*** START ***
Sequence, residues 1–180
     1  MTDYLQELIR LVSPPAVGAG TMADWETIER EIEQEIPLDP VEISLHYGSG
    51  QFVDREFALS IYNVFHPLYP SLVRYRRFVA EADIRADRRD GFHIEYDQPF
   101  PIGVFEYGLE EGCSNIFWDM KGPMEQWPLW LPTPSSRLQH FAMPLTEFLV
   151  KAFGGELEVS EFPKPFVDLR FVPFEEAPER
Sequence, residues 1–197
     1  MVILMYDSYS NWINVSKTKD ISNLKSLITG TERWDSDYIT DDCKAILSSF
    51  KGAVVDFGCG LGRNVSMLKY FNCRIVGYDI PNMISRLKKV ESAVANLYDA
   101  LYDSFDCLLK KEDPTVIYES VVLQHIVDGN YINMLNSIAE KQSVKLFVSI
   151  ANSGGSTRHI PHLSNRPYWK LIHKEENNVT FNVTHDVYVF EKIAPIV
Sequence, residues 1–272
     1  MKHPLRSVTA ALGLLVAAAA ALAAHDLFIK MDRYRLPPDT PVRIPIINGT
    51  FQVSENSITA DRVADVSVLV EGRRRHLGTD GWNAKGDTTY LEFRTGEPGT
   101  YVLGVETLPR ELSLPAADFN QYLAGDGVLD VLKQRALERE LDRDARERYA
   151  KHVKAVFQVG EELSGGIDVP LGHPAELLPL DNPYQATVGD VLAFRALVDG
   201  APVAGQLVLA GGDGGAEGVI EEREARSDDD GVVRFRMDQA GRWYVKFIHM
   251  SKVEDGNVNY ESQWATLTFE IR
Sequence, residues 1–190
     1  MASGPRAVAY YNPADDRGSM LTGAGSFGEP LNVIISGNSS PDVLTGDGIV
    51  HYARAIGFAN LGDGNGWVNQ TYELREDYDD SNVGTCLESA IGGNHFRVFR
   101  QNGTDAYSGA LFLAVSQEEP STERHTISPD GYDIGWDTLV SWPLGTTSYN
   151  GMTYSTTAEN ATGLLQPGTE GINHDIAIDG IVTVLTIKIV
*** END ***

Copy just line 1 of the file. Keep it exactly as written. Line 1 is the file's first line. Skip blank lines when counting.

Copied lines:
Sequence, residues 1–180